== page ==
Last month three young professionals from Sri Lanka became some of the select few to visit  the Antarctic Peninsula. In this  exclusive interview with Duvindi Illankoon, they speak about their decision to travel to the last wilderness on Earth, and the incredible-and often devastating-sights that greeted them A voyage that has opened his eyes They [...]

The Sundaytimes Sri Lanka

Amazing and frightening


Last month three young professionals from Sri Lanka became some of the select few to visit  the Antarctic Peninsula. In this  exclusive interview with Duvindi Illankoon, they speak about their decision to travel to the last wilderness on Earth, and the incredible-and often devastating-sights that greeted them

A voyage that has opened his eyes

They say seeing is believing. For 27-year-old Shamal Boyagoda, seeing and believing involved a longer journey than for most. Operations Manager at MAS Intimates Unichela by day and loving parent to adorable tot Aanya along with wife Salini, the hefty former oarsman from Royal College defies expectations of the tree-hugging, slogan-chanting environmentalist one would expect. “I’ve never been particularly passionate about global warming or the environment,” he admits ruefully. “I’d never intentionally do anything to harm the environment, but then again I didn’t go out of my way to help either.”

Shamal with Sir Rob

A not-so-chance encounter with Sir Rob Swan changed things. British born Robert Swan (OBE) is the first person to walk to both the North and South Poles. He set up his company 2041 ( with the aim of building up an influential network to protect the Antarctic Treaty (which regulates international relations with regards to the Antarctic) as it is set to be renegotiated in 2041. The treaty protects Antarctica, an unclaimed territory, from exploitation.

Sir Rob was in Sri Lanka last November, where he issued an open invitation to companies to send representatives for an Antarctic Expedition. Shamal, inspired by his words, volunteered to go when MAS offered the opportunity to its employees. “I remember telling the selection committee that I wanted to go because I needed to see with my own eyes if I am to believe,” he remembers. “I said if I go, and I see for myself firsthand the effect of our actions on the South Pole, then I could come back and apply myself to changing how we do things here.” MAS, a pioneer in industry sustainability in the country, were suitably impressed and gave Shamal the go ahead to get ready for the expedition.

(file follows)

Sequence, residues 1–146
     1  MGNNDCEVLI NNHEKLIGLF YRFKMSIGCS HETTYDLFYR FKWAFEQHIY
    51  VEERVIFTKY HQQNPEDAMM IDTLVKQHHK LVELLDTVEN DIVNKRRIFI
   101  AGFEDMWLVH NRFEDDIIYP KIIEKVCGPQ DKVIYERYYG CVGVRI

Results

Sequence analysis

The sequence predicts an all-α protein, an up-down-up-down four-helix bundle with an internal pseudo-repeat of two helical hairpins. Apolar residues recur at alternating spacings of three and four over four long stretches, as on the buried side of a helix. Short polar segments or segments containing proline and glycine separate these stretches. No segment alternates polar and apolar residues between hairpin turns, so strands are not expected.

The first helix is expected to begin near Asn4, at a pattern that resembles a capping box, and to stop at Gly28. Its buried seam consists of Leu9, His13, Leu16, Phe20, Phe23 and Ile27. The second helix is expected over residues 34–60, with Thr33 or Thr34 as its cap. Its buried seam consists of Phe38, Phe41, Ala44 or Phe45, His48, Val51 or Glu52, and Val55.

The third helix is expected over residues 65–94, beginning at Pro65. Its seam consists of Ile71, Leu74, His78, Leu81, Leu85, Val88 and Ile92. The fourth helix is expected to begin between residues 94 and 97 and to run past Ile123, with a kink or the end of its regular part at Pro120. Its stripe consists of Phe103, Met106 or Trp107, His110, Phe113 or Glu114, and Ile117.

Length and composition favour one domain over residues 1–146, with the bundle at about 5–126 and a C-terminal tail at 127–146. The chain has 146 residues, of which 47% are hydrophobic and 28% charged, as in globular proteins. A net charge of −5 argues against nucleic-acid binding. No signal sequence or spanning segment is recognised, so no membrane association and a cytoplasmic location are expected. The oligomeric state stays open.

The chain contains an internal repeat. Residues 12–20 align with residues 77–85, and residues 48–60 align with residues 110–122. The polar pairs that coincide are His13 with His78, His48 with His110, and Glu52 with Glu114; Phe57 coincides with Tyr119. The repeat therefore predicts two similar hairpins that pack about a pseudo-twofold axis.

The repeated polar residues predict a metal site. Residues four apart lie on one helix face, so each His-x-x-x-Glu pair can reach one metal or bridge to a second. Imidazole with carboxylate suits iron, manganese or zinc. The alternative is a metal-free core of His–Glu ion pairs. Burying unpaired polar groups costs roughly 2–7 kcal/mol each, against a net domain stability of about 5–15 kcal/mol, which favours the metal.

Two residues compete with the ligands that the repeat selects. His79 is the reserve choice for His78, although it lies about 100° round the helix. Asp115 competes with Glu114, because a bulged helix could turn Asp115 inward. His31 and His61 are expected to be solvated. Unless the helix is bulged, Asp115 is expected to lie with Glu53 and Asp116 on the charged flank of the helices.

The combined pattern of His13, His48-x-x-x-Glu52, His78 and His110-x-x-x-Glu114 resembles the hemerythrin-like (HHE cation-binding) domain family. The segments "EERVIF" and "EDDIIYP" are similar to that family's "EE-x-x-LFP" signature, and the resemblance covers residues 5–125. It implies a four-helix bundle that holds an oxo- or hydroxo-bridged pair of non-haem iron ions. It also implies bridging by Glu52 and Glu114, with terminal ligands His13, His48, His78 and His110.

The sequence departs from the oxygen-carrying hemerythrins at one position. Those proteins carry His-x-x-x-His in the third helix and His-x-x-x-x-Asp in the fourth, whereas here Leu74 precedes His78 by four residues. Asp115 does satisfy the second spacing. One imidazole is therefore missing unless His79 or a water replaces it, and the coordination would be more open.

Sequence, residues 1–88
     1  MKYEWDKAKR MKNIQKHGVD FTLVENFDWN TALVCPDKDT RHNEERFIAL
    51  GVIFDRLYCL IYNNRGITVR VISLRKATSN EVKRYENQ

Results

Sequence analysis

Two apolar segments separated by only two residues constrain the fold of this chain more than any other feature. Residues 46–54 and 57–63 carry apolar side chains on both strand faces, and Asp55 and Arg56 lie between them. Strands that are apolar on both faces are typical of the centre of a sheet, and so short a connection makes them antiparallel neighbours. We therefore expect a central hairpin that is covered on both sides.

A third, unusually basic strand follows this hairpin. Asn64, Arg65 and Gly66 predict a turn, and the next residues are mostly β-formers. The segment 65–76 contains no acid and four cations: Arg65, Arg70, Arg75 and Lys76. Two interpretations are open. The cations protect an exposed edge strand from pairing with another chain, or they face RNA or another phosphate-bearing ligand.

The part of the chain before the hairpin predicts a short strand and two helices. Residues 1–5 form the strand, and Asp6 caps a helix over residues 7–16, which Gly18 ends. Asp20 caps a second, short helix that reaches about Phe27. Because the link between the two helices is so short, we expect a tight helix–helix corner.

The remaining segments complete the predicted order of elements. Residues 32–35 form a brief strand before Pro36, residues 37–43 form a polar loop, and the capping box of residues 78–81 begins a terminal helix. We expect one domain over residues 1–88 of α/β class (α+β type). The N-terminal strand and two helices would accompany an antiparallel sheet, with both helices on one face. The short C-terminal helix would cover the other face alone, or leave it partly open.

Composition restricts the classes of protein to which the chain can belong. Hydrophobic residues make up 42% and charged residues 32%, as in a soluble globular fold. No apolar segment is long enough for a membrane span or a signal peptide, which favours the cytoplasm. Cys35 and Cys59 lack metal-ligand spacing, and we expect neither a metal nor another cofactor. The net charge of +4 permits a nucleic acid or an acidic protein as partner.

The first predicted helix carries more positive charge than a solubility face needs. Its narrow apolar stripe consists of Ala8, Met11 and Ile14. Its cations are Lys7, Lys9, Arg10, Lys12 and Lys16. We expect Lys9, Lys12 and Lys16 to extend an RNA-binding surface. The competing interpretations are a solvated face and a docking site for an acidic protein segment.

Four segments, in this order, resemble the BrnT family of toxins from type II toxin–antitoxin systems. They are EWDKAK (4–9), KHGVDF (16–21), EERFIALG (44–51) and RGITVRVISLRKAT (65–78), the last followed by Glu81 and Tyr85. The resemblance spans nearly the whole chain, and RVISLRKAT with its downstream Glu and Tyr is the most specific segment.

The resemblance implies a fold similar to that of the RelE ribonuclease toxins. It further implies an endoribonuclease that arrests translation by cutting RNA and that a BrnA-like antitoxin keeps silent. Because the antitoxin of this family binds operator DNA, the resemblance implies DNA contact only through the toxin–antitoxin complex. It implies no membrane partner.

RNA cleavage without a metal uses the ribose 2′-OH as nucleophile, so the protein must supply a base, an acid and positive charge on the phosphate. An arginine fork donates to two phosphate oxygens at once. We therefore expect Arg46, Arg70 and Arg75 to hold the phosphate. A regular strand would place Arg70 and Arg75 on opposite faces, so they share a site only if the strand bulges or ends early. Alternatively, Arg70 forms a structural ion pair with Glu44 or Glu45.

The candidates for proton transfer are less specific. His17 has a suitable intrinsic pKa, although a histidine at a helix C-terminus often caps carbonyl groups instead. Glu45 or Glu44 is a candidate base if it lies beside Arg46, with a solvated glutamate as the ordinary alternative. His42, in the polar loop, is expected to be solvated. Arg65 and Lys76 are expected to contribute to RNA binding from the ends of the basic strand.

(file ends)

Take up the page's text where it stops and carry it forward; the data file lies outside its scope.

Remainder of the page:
Shamal, together with his fellow Sri Lankan counterparts Nishadi Malalgoda and Praneeth Mendis who were also travelling to the Antarctic, landed in Buenos Aires, Argentina on February 28. From here they travelled to Ushuaia. Over the next three days they met their team mates-80 individuals from 28 countries- and were briefed on everything they would need to know about travelling to the Antarctic.

The Antarctic continent is one of the most remote, inhospitable environments on earth. Harsh and inaccessible, covered by over 5 million square miles of solid ice, it is the world’s highest, driest, coldest and windswept continent. ?Which means there are a lot of different things that can go wrong if you don’t know what you’re doing,” quips Shamal. Thanks to his athletic background as an oarsmen and cricketer, coupled with plenty of outdoor experience as a President’s Scout, he was well suited for the expedition. “There was a lot to learn, though. From layering (four layers of clothes), to safety mechanisms, to the self-arrest procedure (how to look after yourself and your team mates in face of adversity) and our diet we were thoroughly briefed by a team of experts.”

They set off on the cruise ship ‘Sea Spirit’ on the fourth day, travelling through Drake Passage, the roughest sea in the world. Over the next two days, Shamal and his fellow explorers spent bonding time being violently sea-sick. Reaching the Antarctic Peninsula through the Lemaire Channel and seeing their first iceberg made everything fully worth it though, he smiles. “The ship was our base. Everyday we travelled to different islands using tiny boats called zodiacs, and returned in the evening.”

Surveying its kingdom: A lone penguin

The purpose of the expedition was to make them aware of the Antarctic’s condition-not to test their strength, he explains. It was only one night that they spent in sleeping bags under the starry Southern skies, ensconced in little dugouts in the snow for warmth. Most of their time was spent exploring the many islands of the terrain, being given guided tours by marine experts, historians and even Nobel Peace Prize winners.

He is still dumbfounded by the dramatic changes that the continent is undergoing. “This is one of the driest places on earth. So to see ice waterfalls-when there aren’t meant to be any-and witness icebergs crumbling and the many crevasses…that kind of stays with you.” They learnt that pollution inflicted by man-made agents reflected on the North and South Poles, in turn subtly altering the planet’s climate, with disastrous consequences on its way. “It was terrifying, but I fell in love with the Antarctic. Seeing the wildlife, learning its history and exploring the terrain and realising how important that landmass is to Earth’s existence was a revelation.”